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Social Networking in ASEAN

Social Networking in ASEAN

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Published by Tom
The purpose of this proposal is to present the applied theoretical and practical experience with Digital Literacy, Digital Networks, and Social Media, as conceptualized within the Digital Fourth Way and applied in South East Asia by the Four Worlds International Institute (FWII) and Four Directions International (FWI) in partnership with our Canadian and Regional SEARCH Project partners. We demonstrate that this principle-centered, culturally respectful, multi-stakeholder approach can be expanded and scaled up, within the ASEAN (Association of South East Asian Nations) Region for achieving, One Vision, One Identity, One Community and a people-centred ASEAN by 2015. This proposal envisions a people-centred ASEAN that is fully supported by a principle-centered, Digital Human Rights Architecture for deepening and expanding economic linkages and connectivity as stipulated in the ASEAN Community Blueprints.

This proposal builds upon the vision, guiding principles and theoretical foundations that were first outlined in the document, “Deep Social Networks and the Digital Fourth Way” co-created by the Four Worlds International Institute (FWII) and the Interra Project. This was the integrative theme of thought and framework for action that guided FWII and FWI’s support of our regional SEARCH partner, Forum Asia, in their Human Rights and Rule of Law work with Ethnic Minorities, Indigenous Peoples, Women, and Child Rights and Protection. This includes the creation of an ASEAN Human Rights Architecture and related Structures, as a foundation for building a people-centred ASEAN by 2015 and the development of an inclusive regional architecture, with ASEAN as the driving force that is essential for promoting regional dynamic equilibrium and ASEAN connectivity.
The purpose of this proposal is to present the applied theoretical and practical experience with Digital Literacy, Digital Networks, and Social Media, as conceptualized within the Digital Fourth Way and applied in South East Asia by the Four Worlds International Institute (FWII) and Four Directions International (FWI) in partnership with our Canadian and Regional SEARCH Project partners. We demonstrate that this principle-centered, culturally respectful, multi-stakeholder approach can be expanded and scaled up, within the ASEAN (Association of South East Asian Nations) Region for achieving, One Vision, One Identity, One Community and a people-centred ASEAN by 2015. This proposal envisions a people-centred ASEAN that is fully supported by a principle-centered, Digital Human Rights Architecture for deepening and expanding economic linkages and connectivity as stipulated in the ASEAN Community Blueprints.

This proposal builds upon the vision, guiding principles and theoretical foundations that were first outlined in the document, “Deep Social Networks and the Digital Fourth Way” co-created by the Four Worlds International Institute (FWII) and the Interra Project. This was the integrative theme of thought and framework for action that guided FWII and FWI’s support of our regional SEARCH partner, Forum Asia, in their Human Rights and Rule of Law work with Ethnic Minorities, Indigenous Peoples, Women, and Child Rights and Protection. This includes the creation of an ASEAN Human Rights Architecture and related Structures, as a foundation for building a people-centred ASEAN by 2015 and the development of an inclusive regional architecture, with ASEAN as the driving force that is essential for promoting regional dynamic equilibrium and ASEAN connectivity.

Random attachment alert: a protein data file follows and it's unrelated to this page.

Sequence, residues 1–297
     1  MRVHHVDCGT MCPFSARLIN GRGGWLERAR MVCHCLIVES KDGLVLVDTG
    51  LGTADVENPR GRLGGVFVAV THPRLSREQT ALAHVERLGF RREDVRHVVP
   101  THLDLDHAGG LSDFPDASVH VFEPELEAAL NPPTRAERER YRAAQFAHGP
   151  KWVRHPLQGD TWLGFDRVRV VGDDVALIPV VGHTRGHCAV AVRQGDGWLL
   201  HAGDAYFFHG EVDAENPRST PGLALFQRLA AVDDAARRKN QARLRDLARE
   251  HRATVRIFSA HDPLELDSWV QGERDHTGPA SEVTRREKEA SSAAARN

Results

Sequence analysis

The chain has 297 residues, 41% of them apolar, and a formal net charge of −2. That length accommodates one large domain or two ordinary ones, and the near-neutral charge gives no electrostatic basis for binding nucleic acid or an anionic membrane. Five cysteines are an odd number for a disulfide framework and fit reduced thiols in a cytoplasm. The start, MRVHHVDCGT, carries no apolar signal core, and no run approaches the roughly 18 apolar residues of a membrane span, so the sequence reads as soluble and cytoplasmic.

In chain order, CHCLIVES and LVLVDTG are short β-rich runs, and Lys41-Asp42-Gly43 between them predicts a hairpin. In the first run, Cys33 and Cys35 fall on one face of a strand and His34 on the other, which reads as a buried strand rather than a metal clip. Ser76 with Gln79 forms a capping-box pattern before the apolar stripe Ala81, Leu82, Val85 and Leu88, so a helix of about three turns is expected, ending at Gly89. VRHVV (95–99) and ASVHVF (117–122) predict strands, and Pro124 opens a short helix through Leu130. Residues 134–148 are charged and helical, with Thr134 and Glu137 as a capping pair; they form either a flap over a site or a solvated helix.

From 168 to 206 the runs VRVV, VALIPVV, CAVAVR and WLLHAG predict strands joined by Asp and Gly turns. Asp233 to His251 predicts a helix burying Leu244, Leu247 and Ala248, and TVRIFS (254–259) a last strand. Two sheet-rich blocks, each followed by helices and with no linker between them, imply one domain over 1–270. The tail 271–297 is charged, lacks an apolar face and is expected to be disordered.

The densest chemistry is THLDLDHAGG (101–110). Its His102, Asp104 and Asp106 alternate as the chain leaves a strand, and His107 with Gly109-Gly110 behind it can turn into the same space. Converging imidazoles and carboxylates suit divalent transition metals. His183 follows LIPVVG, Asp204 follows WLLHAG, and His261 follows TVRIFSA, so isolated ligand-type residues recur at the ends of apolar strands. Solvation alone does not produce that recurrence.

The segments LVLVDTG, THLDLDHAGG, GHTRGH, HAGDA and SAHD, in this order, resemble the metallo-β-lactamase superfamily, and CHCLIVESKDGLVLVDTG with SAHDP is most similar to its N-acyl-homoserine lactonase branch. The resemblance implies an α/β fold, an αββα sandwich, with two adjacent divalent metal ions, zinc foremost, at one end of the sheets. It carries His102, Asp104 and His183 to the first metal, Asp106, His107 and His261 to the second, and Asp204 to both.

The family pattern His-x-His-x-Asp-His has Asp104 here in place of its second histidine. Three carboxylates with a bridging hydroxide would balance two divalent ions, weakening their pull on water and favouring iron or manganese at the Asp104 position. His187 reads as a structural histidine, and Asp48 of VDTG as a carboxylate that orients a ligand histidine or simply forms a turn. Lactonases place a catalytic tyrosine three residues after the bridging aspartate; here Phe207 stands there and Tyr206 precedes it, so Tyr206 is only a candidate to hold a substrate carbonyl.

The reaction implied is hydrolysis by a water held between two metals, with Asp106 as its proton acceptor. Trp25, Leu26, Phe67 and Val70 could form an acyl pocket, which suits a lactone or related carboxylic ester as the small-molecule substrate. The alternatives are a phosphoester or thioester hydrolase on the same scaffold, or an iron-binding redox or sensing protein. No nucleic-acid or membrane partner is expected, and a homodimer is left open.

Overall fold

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Published by: Tom on Jan 26, 2011
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11/13/2011

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Organizational capacity refers to the ability to use networks as the flexible, interactive,

borderless form of structure of whatever activity in whatever domain. Effectively organizing

organizations is rooted in shared values expressed as public narrative. Values based organizing

in contrast to issue based organizing invites network members to transcend their issue silos

through a principle-centered approach and come together so that their diversity becomes an

asset, rather than an obstacle, and because values are experienced emotionally, people can

access the moral resources-the courage, hope, and solidarity that it takes to risk learning new

things and explore new ways of doing things.

Organizing a Deep Social Network is based upon human relationships and creating mutual

commitments necessary to work together to make meaningful change. It is the strength of the

relationships in the group, not the number of people in that group, that makes the whole

greater than the sum of its parts. By building relationships with others from different

backgrounds, we can learn to recast our individual interests as common interests, allowing us to

envision objectives that we can use our combined resources to achieve.

Deep Social Networks need a collective leadership structure that leads to effective engagement

with network members. A structured leadership team encourages stability, motivation,

creativity, and accountability and can use volunteer time, skills, and effort more effectively.

These are authentic teams with an engaging direction, an enabling structure, clear group norms,

and a diverse team with skills and talents needed to produce the result. They create a structure

which allows organizers and volunteers to see the direct, measurable impact of their own work.

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